The RAV4 is one of the best-selling vehicles in America and has even usurped the Toyota sales thrown from the Camry. And this all-new RAV4, designed with a higher level of athleticism and charisma, is a bolder, tougher SUV ready to go beyond the mall parking lot.

The RAV4 is one of the originals. Spanning 22 years and 5 generations, it’s a vehicle we’re all familiar with.  So can this new model keep the masses happy?  Automakers are getting better at really differentiating their trim levels in order to appeal to a wider audience and that’s certainly true here.  From the no-nonsense LE priced from $26,545 to this fully loaded Limited at $39,479, Toyota has crafted various RAV4 grades, each with their own distinct flavor, including an Adventure model with a more robust appearance and greater towing capability to a new Hybrid that’s as much about added zip as it is 40mpg.

On the spec sheet, the RAV4 has been stretched between the wheels adding to rear seat legroom. Its height has been reduced while ground clearance has been raised by over a half an inch, which leads to a new all-wheel drive system with Multi-Terrain Select that provides this RAV4 with an added dose of off-road spunkiness.  Other than Jeep, this class generally puts 4-wheeling on the back burner so having mud and sand and rock and dirt modes is really cool.  With advancements in powertrain electronics, the RAV4 can be fuel efficient and demure as well as capable and sporty.  The 8-speed auto does offer ECO, Sport and Snow modes to further fine-tune the driving experience. That starts with a very sophisticated but very noisy 2.5-liter 4-cylinder producing 203 horsepower and 184 pound-feet of torque.  Zero-to-60mph in 8.2 seconds doesn’t accurately communicate the feeling of acceleration from behind the wheel, which in around the town driving is more than sufficient to zip in and out of traffic.  Plus, it sounds fast which creates the sensation of speed.  But everyone I’ve had in here this week, myself included, has immediately mentioned how loud this motor is.  And it’s not the kind of sound you’d crave, either.  From a driving standpoint, it’s clearly evident that this new RAV4 platform knows driving dynamics.  More precision and smartness in the way it moves, the suppleness of the ride quality, the more engaging steering and handling – it’s what Honda has done so well with their new CR-V platform and Honda closely matches that here.  What the RAV4 loses to the CR-V in on-road drivability it more than makes up for in its newfound, adventurous spirit.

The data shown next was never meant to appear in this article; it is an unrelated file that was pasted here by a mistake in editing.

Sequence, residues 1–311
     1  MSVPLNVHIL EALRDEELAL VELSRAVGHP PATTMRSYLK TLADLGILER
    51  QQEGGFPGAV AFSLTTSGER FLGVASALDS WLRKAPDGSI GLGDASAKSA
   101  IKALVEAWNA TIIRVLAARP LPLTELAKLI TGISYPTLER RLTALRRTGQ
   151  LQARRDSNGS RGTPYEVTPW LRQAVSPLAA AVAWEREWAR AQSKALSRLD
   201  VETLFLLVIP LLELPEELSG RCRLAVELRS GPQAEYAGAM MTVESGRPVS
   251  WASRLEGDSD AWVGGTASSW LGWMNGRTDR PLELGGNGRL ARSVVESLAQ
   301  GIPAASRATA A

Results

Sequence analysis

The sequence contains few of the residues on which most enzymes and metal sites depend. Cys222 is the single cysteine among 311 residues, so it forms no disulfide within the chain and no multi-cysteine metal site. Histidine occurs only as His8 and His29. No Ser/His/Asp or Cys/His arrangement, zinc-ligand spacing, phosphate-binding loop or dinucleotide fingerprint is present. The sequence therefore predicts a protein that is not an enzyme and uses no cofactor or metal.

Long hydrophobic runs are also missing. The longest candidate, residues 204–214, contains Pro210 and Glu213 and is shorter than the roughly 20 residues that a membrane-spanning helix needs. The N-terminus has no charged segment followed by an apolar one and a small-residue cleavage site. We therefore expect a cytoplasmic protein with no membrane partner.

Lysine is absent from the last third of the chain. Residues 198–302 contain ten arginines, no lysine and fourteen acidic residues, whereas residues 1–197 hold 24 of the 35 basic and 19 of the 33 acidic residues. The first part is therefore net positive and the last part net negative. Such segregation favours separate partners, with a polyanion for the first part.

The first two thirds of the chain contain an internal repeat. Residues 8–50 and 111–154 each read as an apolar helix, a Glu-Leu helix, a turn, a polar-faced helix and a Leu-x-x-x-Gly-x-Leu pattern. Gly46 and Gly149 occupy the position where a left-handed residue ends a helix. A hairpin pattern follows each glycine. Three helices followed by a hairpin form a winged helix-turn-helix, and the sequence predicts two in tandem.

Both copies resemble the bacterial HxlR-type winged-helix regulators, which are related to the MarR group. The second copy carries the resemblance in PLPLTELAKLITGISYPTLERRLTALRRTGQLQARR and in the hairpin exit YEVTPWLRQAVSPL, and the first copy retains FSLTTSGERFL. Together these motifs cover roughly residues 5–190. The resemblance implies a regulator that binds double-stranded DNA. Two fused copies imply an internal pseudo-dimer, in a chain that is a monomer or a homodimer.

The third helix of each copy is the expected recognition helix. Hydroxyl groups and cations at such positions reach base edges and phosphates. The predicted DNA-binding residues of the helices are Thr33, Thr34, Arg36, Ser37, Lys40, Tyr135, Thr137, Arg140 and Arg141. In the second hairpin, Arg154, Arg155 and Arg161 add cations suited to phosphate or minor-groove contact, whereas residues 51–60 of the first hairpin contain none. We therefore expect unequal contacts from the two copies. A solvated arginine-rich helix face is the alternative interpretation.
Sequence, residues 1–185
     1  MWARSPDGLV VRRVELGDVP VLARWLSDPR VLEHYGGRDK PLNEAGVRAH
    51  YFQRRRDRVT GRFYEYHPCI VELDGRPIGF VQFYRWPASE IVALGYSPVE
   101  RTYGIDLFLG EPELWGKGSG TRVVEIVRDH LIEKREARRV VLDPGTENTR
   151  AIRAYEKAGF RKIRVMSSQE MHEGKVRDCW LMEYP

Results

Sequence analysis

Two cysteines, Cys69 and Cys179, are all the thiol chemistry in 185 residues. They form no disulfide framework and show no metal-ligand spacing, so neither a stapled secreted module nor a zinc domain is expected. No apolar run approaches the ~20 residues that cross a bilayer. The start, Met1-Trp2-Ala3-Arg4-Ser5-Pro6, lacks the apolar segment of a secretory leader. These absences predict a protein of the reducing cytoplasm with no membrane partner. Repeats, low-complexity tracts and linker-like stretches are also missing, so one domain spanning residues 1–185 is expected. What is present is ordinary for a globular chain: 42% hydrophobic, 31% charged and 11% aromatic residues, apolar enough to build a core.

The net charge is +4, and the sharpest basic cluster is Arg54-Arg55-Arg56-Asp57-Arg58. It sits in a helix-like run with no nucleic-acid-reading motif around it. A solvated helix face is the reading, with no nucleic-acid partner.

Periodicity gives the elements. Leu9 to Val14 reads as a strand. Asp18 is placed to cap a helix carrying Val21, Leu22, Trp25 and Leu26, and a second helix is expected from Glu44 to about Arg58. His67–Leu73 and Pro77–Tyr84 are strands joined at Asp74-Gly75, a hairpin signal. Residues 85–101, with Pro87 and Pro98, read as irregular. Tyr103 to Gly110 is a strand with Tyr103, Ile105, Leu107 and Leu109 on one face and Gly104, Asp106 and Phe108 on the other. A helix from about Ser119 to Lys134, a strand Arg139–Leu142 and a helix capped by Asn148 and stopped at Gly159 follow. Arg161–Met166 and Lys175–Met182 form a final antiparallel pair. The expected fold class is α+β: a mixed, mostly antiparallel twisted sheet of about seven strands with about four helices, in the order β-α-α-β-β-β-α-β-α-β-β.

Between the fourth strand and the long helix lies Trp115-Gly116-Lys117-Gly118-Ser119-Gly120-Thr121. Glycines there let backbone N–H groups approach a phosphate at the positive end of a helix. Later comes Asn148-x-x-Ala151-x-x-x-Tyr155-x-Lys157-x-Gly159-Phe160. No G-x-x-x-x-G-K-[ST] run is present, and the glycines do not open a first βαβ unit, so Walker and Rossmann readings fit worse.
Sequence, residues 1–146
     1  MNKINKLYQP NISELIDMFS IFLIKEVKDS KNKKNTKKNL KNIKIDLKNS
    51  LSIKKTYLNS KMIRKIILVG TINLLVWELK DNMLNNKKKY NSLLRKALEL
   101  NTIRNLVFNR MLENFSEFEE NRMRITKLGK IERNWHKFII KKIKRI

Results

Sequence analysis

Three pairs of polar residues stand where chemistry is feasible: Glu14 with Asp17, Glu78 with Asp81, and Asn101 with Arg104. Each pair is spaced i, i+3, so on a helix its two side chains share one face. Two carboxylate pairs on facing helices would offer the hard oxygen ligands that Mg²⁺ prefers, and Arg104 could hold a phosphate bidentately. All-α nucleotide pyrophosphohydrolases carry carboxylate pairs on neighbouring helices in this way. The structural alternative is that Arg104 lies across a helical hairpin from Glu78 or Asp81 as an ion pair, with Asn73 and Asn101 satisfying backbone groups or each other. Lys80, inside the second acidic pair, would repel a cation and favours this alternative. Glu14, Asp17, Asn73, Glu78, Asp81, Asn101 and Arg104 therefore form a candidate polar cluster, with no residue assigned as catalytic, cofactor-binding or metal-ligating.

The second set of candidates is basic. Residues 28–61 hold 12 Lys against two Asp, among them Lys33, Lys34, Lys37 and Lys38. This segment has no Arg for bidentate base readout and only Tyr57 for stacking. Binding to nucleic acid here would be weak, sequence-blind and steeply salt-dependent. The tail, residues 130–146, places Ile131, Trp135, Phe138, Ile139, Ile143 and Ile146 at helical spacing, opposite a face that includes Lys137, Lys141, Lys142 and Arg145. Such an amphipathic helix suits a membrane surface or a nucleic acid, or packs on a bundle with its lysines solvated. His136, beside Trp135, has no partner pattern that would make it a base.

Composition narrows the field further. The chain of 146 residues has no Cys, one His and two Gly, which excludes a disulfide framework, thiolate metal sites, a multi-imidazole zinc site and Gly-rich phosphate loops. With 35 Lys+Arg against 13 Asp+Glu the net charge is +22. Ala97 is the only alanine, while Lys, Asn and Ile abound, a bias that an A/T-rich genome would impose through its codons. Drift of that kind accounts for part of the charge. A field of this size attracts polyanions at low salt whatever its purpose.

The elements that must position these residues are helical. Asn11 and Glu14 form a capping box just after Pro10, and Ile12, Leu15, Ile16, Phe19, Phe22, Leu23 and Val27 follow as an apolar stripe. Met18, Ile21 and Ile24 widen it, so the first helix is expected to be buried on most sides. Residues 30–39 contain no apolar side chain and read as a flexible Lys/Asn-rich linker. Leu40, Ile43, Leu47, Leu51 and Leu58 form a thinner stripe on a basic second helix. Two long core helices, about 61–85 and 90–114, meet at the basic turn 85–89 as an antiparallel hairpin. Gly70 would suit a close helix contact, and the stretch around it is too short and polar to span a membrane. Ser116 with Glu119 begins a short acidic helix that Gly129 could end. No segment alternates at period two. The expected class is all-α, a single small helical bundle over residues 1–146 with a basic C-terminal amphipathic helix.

When I first took delivery, it felt like the RAV4 was just another Johnny-come-lately in a sea of competent SUVs. But, as the week has worn on, I’ve not only come to appreciate what it has to offer but I’m thoroughly enjoying it. I think it’s really cool that Toyota has toughened this one up by giving it these off-road drive modes. It’s got a bit of Subaru in it now and that’s a nice get in this segment. So whether you’re traversing an icy trail or simply going deeper into the woods you can have the confidence that this vehicle will get you there. And then on the rear axle there is torque vectoring for the all-wheel drive system which will improve on-road handling. The ride quality, the body control and the steering have all been significantly upgraded, too. But what is with this gruff engine noise? It’s the very first thing you’ll notice when you drive the RAV4 and it’s far too much bluster for a vehicle that really isn’t very quick.

This Limited grade with the highest level Advanced Technology Package impresses with its level of features as it should for nearly $40,000. Standout items include the rear view mirror camera, a la Cadillac, projecting a video feed of what’s going on out back.  If you don’t like it, just flip it to its original mirror duties, an improved Entune experience with Apple CarPlay but not Android Auto support that’s customizable, easy to use, feature-laden and best of all not slow or glitchy.  It is prone to glare, however as is the new customizable gauge display.  The 360 degree camera is a great get…if you’re ever confronted with tight parking spots this will become your best friend.  Wireless device charging, road sign recognition, auto high beams, dynamic radar cruise control, memory settings…it’s all in here including a hands-free liftgate.  If this wasn’t a prototype, items such as ventilated front seats, a heated steering wheel, and heated rear seats would also be included.

For a range-topping Limited trim this cabin feels well-stocked but not necessarily upscale. The big knobs and rubberized surfaces are very cool but perhaps they would’ve been best left in the Adventure grade. The cabin is a little noisy but quite comfortable and the ergonomics are excellent unless you’re in this passenger seat which has no height adjustment; a penny-pinching move that is definitely a fail.

Reclining rear seats, a longer cargo area, more storage cleverness and respectable though not class leading fuel economy of 28mpg keeps the family unit happy. And that’s the new RAV4 in a nutshell; not particularly flashy but more capable and simply stated: really good at its job.

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